Alex Caine is a fighter with an edge – he can see what his opponents will do before they do it. He doesn’t question this much – it is the way things have always been, and it helps him to win.
It’s only when he angers a mob boss and meets a mysterious and rather pushy Englishman that Alex starts to explores his abilities more deeply. His limited pre-cognition is just one manifestation of his mostly-untapped magical potential. There’s very little time for him to explore these new abilities though – almost immediately after being introduced to the world of magic, he’s on the run, chased by monsters and accompanied by a blood-drinking shapeshifter. Thrown headfirst into events that no one thinks he can control or survive, Alex has to learn, adapt, and fight harder than ever before.
Alex Caine is not exactly a typical urban fantasy protagonist, from his clothing to his attitudes. His background’s different, and he tends to solve problems rather directly; there’s lots of punching. I’m thankful that he actally bothers to find out information – I’m sick of heroes who wait around in confusion, not lifting a finger to help themselves.
Bound is not a low-stakes narrative. Within a couple of chapters, the conflict changes from “angry mob boss” to “world ending deity of destruction”. Alex’s power flourishes with similar speed; he starts of having only a minor edge over other fighters, but quickly learns to move invisibly and drown entire islands. To be honest, I’d have preferred everything to accelerate a little more slowly – I’ve got a soft spot for origin stories, and Alex’s introduction to a whole secret magical world is rushed through at speed, without much time for sight-seeing or gradual character/plot development.
There is a lot of plot jammed into a single book here, with multiple antagonists taking turns and pivotal scenes taking place all over the world. It feels, occasionally, as though the plot could have been stretched over two, or even three, books. With every event taking place in a single volume, some events that would have benefited from more time and space don’t really have their full impact. This means that some scenes drag, because they don’t have space to do anything else, and others feel as though they are superfluous. Bound feels like a list of events, rather than a deliberately structured narrative.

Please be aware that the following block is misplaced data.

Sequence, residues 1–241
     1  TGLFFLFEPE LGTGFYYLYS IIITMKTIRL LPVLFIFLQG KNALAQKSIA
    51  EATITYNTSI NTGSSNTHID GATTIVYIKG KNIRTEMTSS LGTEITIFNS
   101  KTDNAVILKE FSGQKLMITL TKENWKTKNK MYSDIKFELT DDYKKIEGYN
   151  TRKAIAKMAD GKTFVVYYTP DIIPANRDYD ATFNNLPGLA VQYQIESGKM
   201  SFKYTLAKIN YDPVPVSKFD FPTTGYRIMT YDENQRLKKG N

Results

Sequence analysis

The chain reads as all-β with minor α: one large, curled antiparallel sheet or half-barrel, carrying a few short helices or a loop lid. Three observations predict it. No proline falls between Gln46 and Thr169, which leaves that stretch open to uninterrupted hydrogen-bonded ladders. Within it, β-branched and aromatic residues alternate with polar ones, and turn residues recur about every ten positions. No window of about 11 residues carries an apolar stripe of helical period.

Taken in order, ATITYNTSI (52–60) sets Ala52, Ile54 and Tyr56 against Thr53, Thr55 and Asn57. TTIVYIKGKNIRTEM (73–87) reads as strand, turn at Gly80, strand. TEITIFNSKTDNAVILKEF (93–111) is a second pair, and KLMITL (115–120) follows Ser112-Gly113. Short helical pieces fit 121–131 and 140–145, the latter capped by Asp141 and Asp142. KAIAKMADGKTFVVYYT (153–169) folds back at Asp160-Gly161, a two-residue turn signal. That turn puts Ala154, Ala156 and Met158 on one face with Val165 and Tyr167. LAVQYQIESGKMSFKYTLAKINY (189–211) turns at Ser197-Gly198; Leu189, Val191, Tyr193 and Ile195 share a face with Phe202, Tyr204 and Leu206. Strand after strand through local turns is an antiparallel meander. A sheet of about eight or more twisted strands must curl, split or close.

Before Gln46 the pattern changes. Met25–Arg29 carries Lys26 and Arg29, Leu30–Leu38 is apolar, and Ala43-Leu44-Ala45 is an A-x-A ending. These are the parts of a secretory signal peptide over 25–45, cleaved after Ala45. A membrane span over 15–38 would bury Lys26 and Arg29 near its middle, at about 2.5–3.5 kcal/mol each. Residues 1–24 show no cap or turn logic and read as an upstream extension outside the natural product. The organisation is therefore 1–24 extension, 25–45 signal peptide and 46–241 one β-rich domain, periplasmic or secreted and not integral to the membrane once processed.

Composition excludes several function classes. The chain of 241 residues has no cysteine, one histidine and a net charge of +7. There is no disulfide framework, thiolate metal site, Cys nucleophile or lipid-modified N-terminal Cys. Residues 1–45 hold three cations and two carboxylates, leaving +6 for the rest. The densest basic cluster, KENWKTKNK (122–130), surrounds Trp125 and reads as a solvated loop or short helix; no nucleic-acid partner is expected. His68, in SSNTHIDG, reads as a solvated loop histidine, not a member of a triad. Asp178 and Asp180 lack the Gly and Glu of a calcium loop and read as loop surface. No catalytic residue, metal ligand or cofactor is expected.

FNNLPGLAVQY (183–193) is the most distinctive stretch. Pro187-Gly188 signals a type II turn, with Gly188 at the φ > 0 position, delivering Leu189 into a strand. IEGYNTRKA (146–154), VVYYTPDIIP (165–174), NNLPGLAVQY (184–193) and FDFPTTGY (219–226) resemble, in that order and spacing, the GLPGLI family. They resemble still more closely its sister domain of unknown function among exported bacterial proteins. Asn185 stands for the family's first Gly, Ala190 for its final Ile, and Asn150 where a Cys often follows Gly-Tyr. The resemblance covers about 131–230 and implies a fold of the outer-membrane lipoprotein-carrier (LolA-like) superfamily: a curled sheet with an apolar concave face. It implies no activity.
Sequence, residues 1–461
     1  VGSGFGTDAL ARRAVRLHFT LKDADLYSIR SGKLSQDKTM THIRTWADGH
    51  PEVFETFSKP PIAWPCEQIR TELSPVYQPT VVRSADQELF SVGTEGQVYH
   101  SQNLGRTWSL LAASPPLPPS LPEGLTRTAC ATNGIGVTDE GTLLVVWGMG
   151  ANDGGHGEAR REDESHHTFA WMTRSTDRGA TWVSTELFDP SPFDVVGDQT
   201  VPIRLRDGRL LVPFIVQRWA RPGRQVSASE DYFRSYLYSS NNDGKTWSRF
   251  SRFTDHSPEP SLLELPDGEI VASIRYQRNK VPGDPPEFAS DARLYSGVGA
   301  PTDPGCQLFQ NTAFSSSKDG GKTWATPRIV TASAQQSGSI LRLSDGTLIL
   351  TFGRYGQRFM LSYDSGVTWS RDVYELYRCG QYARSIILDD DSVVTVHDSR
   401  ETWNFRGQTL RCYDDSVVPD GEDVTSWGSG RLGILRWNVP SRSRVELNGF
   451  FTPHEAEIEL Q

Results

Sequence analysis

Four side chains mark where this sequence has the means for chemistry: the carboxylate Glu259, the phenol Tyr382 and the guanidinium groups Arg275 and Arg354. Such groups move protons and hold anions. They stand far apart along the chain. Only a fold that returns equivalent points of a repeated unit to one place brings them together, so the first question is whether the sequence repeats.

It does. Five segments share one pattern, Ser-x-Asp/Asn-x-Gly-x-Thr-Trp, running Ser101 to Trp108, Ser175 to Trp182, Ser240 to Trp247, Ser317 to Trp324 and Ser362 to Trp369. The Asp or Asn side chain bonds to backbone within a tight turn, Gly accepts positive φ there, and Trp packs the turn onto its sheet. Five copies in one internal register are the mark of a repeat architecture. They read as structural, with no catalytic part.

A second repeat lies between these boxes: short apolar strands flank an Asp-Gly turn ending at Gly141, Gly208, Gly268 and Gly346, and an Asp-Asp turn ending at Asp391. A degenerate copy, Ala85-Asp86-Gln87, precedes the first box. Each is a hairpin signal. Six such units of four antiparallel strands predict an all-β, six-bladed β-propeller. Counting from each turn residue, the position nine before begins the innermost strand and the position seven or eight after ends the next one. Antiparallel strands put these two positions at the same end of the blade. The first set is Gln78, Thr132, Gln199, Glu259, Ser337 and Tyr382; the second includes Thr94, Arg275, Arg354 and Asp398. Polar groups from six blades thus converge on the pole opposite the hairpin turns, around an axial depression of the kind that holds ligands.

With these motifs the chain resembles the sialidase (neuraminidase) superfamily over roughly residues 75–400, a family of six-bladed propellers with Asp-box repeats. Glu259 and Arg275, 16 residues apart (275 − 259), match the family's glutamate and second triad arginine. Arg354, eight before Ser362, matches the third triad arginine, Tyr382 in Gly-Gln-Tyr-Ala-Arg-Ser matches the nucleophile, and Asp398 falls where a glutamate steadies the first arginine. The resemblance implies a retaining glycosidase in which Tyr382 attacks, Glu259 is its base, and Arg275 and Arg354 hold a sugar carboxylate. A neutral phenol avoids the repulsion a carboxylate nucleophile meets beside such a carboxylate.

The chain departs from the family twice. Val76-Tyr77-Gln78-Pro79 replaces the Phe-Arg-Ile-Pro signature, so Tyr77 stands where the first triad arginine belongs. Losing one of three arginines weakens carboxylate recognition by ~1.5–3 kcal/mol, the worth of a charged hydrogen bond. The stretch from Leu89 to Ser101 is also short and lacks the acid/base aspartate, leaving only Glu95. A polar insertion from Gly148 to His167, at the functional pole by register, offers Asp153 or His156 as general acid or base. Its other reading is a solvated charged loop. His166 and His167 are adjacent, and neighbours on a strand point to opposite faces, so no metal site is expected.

Some scenes, though, are very well done. Without wishing to give too much away, one set of antagonists, introduced towards the end of the narrative, is fantastically creepy. They’re original (as far as I can tell), disturbing, and have a real sense of threat. Genuinely creepy and dangerous obstacles are something of a rarity in urban fantasy; and it’s good to be presented with a chilling villain every once in a while.
There’s a lot of magic in the book, but it tends to be quite simple, and not dwelt on much. I’d have liked more of this as Alex discovers and experiments with his abilities; he showed a lamentable lack of imagination in a few places, sticking with punching rather than throwing fire. The way magic works is explained, but a deeper focus on magic from both the author and the character would have been appreciated. One of the major draws of fantasy is the magic, but Bound tends to gloss over the actual exercise of arcane power; the coolest bits happen off stage.
Overall, I find myself with mixed opinions about Bound. In places, it drags or handles things clumsily. On the other hand, there are moments of originality shining through, and a character origin that’s more creative than the usual.
Bound is the first of three books, and I am interested to see how the author manages power creep – the difficult with having meaningful stakes when the characters keep on getting stronger. It’s more of a problem for this book than for many others, as there aren’t many places that Alex can go, power-wise. Almost from the start, he’s exceptional, and he only gets more so. I’m not sure how the second book can keep up the tension, but I am curious about it.